The First Season
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All photos © Showtime
Reviewed by Will Harris
hen David Duchovny skipped out of “The X-Files” in 2001 over a contract dispute (more or less), one presumes he had high hopes of transforming his TV stardom into a motion picture career, but since neither “Playing God” nor “Return to Me” had been strong box office performers prior to his departure from the show, it really shouldn’t have surprised anyone that Duchovny’s star began to fall pretty quickly. The sci-fi comedy “Evolution” seemed like a perfect transitional vehicle for him, but it didn’t live up to its box office potential, and since then, the closest thing he’s had to a hit film was “Connie & Carla,” which speaks volumes.
Suddenly, a return to TV started looking pretty darned good to Duchovny.
“Californication,” the Showtime sitcom that Duchovny chose as his comeback vehicle, requires the same caveat as just about every project in which he’s ever starred: your level of enjoyment will be directly proportionate to how much of his smarminess you can tolerate. And make no mistake, writer Hank Moody (Duchovny) is all about the smarm. To suggest a parallel between Hank and Bret Easton Ellis would not be inappropriate, given the way it’s implied that Hank started strong but hasn’t exactly lived up to his promise over the years. Most recently, he’s had to battle not only writer’s block but also the horrifying realization that his last book, “God Hates Us All,” has been turned into a God-awful Hollywood rom-com called “A Crazy Little Thing Called Love.” You get a whole lot of insight into Hank’s psyche when you find that he’s extracted revenge on the director of the film by sleeping with the guy’s wife.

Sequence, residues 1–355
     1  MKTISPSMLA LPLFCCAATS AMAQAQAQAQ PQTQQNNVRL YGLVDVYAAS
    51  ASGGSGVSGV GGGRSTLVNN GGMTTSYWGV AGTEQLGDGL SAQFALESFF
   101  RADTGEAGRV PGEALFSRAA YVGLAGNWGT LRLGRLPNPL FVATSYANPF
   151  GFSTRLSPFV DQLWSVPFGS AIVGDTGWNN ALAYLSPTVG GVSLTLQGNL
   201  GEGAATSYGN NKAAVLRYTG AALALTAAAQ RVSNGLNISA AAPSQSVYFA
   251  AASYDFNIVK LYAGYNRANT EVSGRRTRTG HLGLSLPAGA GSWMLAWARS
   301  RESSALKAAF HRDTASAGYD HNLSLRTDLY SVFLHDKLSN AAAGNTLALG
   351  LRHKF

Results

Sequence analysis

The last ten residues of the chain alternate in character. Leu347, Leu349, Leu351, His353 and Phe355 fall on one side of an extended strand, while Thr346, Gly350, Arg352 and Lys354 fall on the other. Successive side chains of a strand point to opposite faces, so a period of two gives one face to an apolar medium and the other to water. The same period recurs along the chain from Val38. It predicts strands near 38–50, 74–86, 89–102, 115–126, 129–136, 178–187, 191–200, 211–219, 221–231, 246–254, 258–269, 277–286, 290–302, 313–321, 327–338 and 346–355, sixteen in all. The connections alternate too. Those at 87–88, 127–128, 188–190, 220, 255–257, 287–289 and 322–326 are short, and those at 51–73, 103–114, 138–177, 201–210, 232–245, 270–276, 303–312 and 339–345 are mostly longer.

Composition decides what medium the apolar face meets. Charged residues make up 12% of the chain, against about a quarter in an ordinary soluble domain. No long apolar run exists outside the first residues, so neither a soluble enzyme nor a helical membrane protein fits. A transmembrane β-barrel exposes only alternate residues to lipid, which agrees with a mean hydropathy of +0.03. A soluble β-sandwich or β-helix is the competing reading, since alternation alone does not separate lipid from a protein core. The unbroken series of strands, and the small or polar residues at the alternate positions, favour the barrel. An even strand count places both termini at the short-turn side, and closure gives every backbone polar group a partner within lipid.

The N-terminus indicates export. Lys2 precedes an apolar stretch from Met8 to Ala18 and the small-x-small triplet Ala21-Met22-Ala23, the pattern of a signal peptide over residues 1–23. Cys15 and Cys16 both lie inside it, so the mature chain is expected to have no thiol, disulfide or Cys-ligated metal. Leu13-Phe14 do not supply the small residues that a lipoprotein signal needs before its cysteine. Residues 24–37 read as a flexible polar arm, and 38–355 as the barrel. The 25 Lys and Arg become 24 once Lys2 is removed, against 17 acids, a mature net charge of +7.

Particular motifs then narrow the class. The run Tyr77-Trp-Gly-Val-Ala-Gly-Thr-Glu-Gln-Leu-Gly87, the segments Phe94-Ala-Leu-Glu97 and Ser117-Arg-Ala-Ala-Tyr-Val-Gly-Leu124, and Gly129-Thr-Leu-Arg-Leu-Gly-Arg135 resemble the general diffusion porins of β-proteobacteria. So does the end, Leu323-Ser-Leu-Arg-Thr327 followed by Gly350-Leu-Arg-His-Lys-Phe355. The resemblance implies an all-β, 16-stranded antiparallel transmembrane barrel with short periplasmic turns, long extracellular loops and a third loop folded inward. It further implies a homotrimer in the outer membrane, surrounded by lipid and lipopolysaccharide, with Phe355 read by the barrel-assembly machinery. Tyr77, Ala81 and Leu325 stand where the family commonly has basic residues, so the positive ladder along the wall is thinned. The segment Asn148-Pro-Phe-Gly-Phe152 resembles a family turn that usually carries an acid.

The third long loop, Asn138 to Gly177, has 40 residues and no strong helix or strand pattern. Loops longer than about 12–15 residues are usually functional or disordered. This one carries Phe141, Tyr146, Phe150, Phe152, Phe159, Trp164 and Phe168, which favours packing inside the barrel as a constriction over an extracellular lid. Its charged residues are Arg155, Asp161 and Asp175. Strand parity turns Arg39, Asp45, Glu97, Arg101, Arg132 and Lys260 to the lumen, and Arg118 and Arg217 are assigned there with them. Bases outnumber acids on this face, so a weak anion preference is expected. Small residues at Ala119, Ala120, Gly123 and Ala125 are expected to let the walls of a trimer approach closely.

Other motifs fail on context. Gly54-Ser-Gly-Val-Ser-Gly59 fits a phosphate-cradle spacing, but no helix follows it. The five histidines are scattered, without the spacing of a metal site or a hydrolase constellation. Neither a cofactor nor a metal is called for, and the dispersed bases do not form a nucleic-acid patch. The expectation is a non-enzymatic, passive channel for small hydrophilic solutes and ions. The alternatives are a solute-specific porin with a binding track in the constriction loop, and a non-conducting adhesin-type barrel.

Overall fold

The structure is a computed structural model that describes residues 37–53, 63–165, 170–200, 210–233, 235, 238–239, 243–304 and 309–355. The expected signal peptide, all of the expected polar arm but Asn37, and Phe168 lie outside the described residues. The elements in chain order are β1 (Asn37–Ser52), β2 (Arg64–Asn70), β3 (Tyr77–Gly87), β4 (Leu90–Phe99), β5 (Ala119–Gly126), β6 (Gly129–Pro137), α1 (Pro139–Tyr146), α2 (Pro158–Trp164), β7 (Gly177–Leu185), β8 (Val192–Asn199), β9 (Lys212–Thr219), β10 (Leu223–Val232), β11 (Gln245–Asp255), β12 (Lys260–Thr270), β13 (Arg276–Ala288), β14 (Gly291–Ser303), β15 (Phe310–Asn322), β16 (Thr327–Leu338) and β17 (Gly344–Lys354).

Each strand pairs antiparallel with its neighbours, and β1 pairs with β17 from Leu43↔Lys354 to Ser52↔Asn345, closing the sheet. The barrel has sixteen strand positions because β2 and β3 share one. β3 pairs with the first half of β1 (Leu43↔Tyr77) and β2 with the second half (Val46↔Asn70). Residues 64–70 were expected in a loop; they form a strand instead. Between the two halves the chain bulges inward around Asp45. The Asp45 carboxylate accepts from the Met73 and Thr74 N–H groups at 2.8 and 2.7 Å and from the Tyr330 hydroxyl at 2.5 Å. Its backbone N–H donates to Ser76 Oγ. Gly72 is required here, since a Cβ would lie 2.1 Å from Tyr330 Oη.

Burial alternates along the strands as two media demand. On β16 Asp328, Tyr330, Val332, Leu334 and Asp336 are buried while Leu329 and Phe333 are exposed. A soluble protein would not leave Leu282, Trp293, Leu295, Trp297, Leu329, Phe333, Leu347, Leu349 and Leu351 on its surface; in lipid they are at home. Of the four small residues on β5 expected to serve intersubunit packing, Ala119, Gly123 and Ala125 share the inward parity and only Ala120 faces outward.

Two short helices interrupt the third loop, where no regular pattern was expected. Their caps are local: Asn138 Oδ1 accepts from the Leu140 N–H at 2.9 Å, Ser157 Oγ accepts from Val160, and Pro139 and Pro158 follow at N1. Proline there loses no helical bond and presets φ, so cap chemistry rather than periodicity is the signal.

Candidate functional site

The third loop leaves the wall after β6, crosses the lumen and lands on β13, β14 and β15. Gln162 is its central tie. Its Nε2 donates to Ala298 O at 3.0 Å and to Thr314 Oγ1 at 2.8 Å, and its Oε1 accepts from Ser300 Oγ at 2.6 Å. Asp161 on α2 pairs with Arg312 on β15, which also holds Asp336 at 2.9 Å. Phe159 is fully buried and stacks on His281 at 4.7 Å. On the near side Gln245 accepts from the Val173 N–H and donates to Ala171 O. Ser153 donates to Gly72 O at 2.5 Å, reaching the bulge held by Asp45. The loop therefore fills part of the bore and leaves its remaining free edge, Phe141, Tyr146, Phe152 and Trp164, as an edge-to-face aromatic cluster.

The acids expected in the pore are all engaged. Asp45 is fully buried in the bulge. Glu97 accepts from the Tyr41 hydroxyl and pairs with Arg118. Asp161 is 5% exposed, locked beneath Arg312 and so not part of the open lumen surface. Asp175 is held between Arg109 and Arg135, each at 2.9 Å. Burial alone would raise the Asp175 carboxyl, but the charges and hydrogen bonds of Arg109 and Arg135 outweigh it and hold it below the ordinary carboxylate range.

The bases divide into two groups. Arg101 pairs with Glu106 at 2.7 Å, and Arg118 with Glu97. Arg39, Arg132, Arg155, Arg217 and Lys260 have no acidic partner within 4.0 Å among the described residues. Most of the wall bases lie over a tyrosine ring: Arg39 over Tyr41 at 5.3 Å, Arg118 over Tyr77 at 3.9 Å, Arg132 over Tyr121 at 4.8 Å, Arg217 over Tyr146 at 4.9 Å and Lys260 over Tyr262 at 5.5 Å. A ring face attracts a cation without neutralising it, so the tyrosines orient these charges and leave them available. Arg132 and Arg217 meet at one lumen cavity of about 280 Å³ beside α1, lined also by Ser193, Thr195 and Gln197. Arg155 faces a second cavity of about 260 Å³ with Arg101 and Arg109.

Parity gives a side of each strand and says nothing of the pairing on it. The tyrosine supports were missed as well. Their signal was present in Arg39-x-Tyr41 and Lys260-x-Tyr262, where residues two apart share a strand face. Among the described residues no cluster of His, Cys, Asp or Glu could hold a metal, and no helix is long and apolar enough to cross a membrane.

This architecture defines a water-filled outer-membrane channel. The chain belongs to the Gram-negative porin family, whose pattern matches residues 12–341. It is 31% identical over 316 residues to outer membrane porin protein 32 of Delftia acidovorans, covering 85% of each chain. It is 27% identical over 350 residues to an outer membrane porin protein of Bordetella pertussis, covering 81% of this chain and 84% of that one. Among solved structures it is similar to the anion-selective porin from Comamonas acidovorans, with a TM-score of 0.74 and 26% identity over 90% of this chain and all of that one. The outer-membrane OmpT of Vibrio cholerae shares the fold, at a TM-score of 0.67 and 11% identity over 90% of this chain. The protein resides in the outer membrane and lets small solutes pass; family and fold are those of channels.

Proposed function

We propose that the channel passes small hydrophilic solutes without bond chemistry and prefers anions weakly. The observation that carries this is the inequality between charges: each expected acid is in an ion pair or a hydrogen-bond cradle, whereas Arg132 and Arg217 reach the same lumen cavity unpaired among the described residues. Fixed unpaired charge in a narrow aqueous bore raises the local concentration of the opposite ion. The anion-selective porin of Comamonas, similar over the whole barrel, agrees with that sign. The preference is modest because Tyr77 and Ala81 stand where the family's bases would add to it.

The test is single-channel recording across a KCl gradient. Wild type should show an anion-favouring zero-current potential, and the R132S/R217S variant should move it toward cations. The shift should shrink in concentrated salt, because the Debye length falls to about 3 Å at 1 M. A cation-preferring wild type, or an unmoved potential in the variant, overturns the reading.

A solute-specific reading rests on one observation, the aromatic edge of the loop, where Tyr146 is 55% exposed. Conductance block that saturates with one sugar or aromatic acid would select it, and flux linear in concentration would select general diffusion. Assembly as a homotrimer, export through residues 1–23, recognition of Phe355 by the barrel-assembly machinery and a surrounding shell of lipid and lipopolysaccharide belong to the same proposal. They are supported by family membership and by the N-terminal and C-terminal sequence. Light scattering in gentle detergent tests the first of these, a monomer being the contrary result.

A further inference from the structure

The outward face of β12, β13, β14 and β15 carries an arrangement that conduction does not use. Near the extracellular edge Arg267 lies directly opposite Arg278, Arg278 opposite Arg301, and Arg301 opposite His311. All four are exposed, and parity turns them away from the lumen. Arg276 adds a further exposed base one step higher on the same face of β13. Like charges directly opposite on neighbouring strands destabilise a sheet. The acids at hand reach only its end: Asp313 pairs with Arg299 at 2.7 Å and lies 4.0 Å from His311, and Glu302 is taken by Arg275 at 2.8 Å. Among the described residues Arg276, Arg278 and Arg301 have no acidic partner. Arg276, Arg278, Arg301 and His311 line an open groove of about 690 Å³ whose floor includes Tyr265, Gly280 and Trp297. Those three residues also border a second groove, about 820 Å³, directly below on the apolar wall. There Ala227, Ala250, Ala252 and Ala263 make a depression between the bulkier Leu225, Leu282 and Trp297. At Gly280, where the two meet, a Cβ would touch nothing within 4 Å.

Hank’s pretty much a sex machine, bouncing into a different bed on just about every episode, but the one that gets him into the most trouble is when a female fan strokes his ego and then some, only to turn out to be 16 years old. Suffice it to say that it’s an encounter that haunts Hank throughout the entire first season of “Californication” almost as much as the aforementioned writer’s block does. Although it doesn’t stop him from hooking up constantly, you may be surprised to discover that Hank still holds a torch for his ex-girlfriend, Karen (Natascha McElhone). Arguably more shocking, however, is the fact that he has a 12-year-old daughter named Becca (Madeleine Martin) with her. The triangle of Hank, Karen and Becca is as much of a key to the show as anything, and although Martin doesn’t necessarily have a lot of dialogue, the almost-teenaged Becca feels more real than any other character in the show, taking her father’s outrageous actions in stride as much as she can manage.
“Californication” isn’t without flaws. As noted, you may be tempted to wipe that goddamned smirk off Duchovny’s face sooner than later if you’re not a fan of his patented onscreen manner. There’s also an ongoing subplot about the sex life of Hank’s agent, Charlie (Evan Handler) that never really takes off; though it offers plenty of laughs, it always feels vaguely detached from the show, given that the events are only tangentially related to the goings-on in Hank’s life. Still, there’s lots of sex, drugs and four-letter words to keep you entertained, and if you accept the challenge to watch the show from start to finish, the rollercoaster of events conclude in such a manner that viewers will almost certainly feel as though they’ve been rewarded for hanging in there.
Special Features: Are you kidding me? The only bonuses here are the opportunities to watch episodes of other Showtime series. That’s it. There are no commentaries, no deleted scenes, not even the obligatory making-of featurette. Duchovny took home a Golden Globe for the series, but he couldn’t be bothered to chime in for even a single commentary for the DVD set? How disheartening.